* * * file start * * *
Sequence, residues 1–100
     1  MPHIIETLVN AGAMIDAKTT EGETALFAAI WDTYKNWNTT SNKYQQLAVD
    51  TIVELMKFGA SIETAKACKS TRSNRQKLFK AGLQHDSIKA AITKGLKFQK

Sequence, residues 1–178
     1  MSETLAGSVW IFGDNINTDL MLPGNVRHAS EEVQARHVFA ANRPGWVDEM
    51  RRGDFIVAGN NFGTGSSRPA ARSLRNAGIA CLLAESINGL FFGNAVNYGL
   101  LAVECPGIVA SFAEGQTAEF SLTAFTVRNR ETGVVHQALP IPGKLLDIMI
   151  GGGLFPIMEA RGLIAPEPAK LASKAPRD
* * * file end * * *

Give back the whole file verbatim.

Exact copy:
Sequence, residues 1–100
     1  MPHIIETLVN AGAMIDAKTT EGETALFAAI WDTYKNWNTT SNKYQQLAVD
    51  TIVELMKFGA SIETAKACKS TRSNRQKLFK AGLQHDSIKA AITKGLKFQK

Sequence, residues 1–178
     1  MSETLAGSVW IFGDNINTDL MLPGNVRHAS EEVQARHVFA ANRPGWVDEM
    51  RRGDFIVAGN NFGTGSSRPA ARSLRNAGIA CLLAESINGL FFGNAVNYGL
   101  LAVECPGIVA SFAEGQTAEF SLTAFTVRNR ETGVVHQALP IPGKLLDIMI
   151  GGGLFPIMEA RGLIAPEPAK LASKAPRD